When it comes to minerals, many of us associate it with gold, silver and other elements like them. However, there are some nutrients such as iron and potassium that are also considered minerals.

In this article, we will explain the different types of minerals.

The term “mineral” is used to refer to two different types of components.

One is edible minerals or diet-related minerals, and the other is elements formed by geographic processes that are simply called minerals.

A mineral is a solid substance that has a molecular or crystalline atomic structure and is also a homogeneous substance that exists naturally

and has a specific chemical composition.

In 1965, the International Mineralogical Society proposed a standard definition of minerals as follows:

“An element or chemical compound that is normally crystalline and formed as a result of geological processes.”

Many minerals are used to extract useful metals; Therefore, a complete and accurate study of them is very important.

Minerals or minerals The number of known minerals is very large. Currently, the International Mineralogical Society has compiled a list of 4,600 minerals that new minerals are still being discovered.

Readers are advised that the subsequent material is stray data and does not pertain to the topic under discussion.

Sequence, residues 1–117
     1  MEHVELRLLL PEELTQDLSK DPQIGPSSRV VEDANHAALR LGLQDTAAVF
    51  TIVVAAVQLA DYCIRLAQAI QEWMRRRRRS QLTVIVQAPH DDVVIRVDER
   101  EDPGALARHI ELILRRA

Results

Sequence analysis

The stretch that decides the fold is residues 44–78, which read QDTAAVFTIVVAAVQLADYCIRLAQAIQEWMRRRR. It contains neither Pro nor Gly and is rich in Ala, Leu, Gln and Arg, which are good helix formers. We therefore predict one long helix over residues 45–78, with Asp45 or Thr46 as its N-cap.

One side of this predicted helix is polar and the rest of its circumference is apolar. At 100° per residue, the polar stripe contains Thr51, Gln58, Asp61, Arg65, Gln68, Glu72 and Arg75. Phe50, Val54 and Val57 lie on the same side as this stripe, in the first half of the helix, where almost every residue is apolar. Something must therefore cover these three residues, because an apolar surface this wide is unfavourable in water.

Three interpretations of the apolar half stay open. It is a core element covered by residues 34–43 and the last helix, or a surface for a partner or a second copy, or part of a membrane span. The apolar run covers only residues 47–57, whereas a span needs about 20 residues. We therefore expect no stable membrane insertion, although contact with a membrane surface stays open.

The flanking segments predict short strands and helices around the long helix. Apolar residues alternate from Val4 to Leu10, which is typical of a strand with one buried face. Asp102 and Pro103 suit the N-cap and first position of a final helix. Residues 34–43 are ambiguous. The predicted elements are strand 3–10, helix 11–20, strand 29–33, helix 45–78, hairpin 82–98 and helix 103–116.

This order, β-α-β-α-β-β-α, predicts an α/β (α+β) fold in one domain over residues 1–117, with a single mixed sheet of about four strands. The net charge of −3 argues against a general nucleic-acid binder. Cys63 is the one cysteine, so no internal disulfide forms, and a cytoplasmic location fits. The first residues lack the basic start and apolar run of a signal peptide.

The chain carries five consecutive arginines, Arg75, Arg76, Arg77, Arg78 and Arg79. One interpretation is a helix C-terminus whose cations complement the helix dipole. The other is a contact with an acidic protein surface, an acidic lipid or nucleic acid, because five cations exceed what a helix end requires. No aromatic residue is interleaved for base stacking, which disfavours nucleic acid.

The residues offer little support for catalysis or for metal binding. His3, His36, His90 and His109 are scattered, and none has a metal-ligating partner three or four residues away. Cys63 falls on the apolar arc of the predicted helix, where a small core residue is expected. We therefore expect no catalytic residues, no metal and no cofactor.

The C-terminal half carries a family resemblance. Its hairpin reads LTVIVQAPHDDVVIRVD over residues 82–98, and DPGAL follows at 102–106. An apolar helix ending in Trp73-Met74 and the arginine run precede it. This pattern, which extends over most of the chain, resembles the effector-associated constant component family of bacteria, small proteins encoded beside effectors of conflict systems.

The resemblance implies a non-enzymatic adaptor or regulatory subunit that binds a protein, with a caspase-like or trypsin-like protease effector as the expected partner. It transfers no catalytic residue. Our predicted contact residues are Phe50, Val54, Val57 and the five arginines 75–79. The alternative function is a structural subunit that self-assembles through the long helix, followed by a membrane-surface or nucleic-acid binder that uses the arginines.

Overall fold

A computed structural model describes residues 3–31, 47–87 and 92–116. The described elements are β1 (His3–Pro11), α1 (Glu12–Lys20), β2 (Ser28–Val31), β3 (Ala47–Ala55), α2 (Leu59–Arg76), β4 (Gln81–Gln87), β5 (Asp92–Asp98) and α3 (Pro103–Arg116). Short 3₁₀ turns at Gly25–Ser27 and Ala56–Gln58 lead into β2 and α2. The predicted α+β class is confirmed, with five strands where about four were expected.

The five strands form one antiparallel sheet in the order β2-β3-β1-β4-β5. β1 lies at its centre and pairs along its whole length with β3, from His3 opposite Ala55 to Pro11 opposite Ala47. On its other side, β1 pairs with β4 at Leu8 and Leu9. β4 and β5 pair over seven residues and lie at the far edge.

Only 100 of these minerals are common, while the rest either come into contact with them by chance or are very rare.

Due to the large number of minerals, it is difficult to identify and classify them separately.

Mineralogists, however, identify minerals based on the following characteristics:

• Soil color • جلا • Sheen • Degree of difficulty • Occurrence or cracking surfaces • Crystal system or hobbit (habit) • Color • Specific density • Clarity and transparency

Once a mineral has been identified and proven to be a mineral,
it is classified as a silicate or non-silicate mineral based on its composition.

Silicate minerals

The most common group of minerals that are often found in the earth’s crust is the silicate group. Almost all silicate minerals have silica and oxygen as their main units. Many silicate minerals are formed by the cooling of molten rocks.

As the molten rocks get closer to the surface inside the earth’s crust, they cool very quickly and combine with the earth’s most abundant element, silica. Silicate minerals make up about 90% of the Earth’s crust. Mica, quartz, amazonite, olivine, and biotite are some examples of silicate minerals.

Non-silicate minerals

There is a complete range of non-silicate minerals.

Some of these minerals form when magma or lava cools, while others form when the water inside them evaporates or due to weathering.

Non-silicate minerals can be further classified into different groups.


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